Probably much to the chagrin of my roommate I’ve been listening to Paul Simon’s Graceland a lot lately, and something about that record strikes me about it being about memories and nostalgia for the past. Maybe it’s the gloriously dated synthesizers that give “You Can Call Me Al” its charm (say what you will about that song, but I unabashedly love it) or the fact that Simon was middle-aged when it was released, who knows.
In the middle of my Graceland-revisiting period I woke Tuesday morning to the sad news that Brett Favre has announced his retirement. Yeah, Brett Favre. Retiring.
“This is the story of how we begin to remember
This is the powerful pulsing of love in the vein”
Like most people, I was never a Packers fan (statement only applicable outside of the Midwest); but also like most people I was a big Brett Favre fan. He brought glee to the faces of every football-watching fan out there with his childlike demeanor as he took to the frozen tundra of Lambeau Field. It was like watching that really homoerotic Wrangler Jeans commercial except there wasn’t a Thin Lizzy soundtrack and they were all wearing yellow helmets. [Continue reading…]
His beautifully ungraceful style of play captivated us, ranging from the “How did he do that?!” to the “Why did he do that?!” He was the OG gunslinger in the age of the West Coast Offense and the audible calling of Peyton and Tom. Rex Grossman cuts Brett Favre a royalty check every time he decides, “Fuck it, I’m throwing it deep.”
For years, Favre kept the Packers faithful in suspense as he contemplated and flirted with retirement for years. For the Cheeseheads, one more season just wasn’t enough and after his teary-eyed speech after beating the rival Bears in the last game of the season, he came back with a spirit we hadn’t seen in years and brought the Packers back to the NFC Championship.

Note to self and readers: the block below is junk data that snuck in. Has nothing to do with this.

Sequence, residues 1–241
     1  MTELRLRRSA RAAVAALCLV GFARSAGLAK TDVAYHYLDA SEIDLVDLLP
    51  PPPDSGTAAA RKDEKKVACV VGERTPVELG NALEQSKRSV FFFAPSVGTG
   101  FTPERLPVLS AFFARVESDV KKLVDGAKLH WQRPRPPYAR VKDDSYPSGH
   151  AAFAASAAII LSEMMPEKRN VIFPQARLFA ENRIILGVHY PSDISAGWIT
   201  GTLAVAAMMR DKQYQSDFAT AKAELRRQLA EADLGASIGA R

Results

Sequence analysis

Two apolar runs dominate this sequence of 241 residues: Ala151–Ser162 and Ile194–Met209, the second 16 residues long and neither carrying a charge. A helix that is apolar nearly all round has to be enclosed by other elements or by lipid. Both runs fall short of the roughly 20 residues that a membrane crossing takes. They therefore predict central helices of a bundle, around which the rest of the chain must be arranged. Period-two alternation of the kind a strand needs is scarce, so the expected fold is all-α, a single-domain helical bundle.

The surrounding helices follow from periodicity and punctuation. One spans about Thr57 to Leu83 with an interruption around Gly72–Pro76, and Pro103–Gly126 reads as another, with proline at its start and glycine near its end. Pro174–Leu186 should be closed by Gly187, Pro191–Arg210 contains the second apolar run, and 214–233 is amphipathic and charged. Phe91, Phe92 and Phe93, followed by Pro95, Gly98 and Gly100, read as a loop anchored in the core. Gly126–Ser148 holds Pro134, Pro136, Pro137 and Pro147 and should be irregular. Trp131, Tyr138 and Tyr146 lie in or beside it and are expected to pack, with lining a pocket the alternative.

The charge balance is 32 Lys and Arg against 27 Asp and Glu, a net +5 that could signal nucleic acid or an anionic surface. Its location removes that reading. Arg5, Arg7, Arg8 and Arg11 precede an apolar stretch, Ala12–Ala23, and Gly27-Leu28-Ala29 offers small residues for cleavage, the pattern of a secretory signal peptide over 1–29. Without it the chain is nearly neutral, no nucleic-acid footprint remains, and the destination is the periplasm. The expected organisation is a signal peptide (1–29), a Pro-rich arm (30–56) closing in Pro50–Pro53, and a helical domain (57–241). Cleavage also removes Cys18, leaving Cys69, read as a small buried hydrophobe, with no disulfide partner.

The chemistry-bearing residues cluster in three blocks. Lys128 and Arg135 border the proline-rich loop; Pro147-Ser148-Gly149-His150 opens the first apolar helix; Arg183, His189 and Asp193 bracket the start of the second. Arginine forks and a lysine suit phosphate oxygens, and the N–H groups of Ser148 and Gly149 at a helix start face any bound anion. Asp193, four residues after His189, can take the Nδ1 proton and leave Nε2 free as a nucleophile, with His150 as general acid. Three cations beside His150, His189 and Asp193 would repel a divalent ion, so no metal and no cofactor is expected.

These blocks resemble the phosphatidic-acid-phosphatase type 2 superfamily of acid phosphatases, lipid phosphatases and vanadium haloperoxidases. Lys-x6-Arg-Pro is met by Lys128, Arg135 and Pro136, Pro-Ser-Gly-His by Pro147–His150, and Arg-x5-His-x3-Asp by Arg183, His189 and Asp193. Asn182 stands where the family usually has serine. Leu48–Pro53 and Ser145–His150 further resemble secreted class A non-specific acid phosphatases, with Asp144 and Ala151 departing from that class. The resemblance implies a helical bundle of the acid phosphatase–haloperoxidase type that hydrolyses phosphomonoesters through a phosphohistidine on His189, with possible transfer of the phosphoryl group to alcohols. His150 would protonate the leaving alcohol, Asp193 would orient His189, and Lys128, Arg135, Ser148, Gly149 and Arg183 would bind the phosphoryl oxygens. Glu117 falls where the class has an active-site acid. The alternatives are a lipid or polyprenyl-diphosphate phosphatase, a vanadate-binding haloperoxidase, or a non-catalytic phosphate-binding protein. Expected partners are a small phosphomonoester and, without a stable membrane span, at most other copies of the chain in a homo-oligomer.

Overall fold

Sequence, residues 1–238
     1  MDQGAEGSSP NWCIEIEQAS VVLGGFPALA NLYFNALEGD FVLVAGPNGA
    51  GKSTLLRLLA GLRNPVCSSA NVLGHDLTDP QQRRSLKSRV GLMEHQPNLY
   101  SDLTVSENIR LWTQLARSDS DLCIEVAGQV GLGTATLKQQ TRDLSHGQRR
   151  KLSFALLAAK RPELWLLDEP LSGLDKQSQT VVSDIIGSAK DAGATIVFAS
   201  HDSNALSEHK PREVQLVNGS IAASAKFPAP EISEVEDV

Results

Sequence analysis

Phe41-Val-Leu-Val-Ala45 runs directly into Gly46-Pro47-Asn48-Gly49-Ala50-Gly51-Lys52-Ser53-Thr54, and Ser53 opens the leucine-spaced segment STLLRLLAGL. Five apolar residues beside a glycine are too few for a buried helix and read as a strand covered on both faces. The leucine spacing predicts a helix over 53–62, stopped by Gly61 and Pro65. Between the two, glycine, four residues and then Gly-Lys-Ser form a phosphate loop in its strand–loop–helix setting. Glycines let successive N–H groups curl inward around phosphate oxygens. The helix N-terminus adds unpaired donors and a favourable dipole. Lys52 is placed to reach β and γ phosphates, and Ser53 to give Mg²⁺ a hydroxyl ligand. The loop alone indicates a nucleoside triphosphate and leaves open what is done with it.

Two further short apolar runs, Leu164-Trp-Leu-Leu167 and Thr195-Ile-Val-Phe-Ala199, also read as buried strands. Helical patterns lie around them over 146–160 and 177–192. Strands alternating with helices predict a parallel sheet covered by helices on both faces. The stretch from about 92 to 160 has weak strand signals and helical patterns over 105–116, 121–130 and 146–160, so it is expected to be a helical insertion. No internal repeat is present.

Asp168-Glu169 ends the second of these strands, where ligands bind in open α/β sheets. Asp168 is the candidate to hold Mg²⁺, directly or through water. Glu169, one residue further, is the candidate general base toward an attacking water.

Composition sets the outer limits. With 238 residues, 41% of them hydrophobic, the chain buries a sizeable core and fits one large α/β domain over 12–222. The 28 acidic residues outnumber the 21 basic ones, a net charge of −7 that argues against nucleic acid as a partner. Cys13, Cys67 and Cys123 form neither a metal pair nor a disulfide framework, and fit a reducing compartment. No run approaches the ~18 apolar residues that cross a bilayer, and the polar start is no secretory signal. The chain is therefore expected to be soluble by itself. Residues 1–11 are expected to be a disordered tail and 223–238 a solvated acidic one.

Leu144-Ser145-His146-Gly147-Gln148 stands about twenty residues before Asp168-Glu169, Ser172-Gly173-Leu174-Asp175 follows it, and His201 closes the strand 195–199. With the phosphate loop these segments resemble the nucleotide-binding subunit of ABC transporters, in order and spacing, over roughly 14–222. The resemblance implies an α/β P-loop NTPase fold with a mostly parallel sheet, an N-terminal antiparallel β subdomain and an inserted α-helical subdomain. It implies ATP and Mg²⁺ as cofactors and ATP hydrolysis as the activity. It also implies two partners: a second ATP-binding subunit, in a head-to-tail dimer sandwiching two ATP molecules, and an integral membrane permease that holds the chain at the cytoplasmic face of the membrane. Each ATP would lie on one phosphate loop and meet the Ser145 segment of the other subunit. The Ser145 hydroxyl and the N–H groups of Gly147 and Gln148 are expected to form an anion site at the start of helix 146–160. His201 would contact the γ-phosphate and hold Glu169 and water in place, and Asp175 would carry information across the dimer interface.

The rest, I’m sure you know, is history. Brett left the field that day with his last pass an interception that sealed a loss for his Packers in overtime. That’s when I confidently declared to my roommate, “Brett’s playing one more year, there’s no way he’s letting his last career pass be an interception that kept him out of the Super Bowl.” I also predicted the Niners to be the NFC West champs.
Already there’s speculation that he’ll be back, possibly with another team. His abilities are clearly still there, but is his heart? He says he’s tired, and rumor has it that Packers GM Ted Thompson didn’t want him back. I can’t see him in anything other than that green #4 jersey; it’d be like me feeling so betrayed when I saw Joe Montana in a Chiefs uniform. Will Brett be back? I doubt it, but don’t ask me. I already told you how bad I am at predicting things.
Favre won’t go down as the absolute greatest quarterback of all time. His passing records are only a few years away from having Peyton Manning shatter them. He only has one Super Bowl ring. But in our hearts, he’ll be the greatest football player of all time. The joy he brought from just watching him will never be matched and the fact he maintained his high level of playing through his late 30s is what makes him truly unique among the G.O.A.T.s of football.
Originally I intended this post to be overwrought with adoration to parody the countless numbers of columns expressing grief and remorse over Favre’s retirement (half of those are written by Peter King). Somewhere I was going to write something about the ghosts of his father, Curly Lambeau, and Vince Lombardi were helping those passes land in the arms of Donald Driver and Greg Jennings. But any sports column of that variety already borders upon parody.
So fuck it.
I miss you already, Brett.
“After the dream of falling and calling your name out
These are the roots of rhythm
And the roots of rhythm remain”
Paul Simon – “You Can Call Me Al”: mp3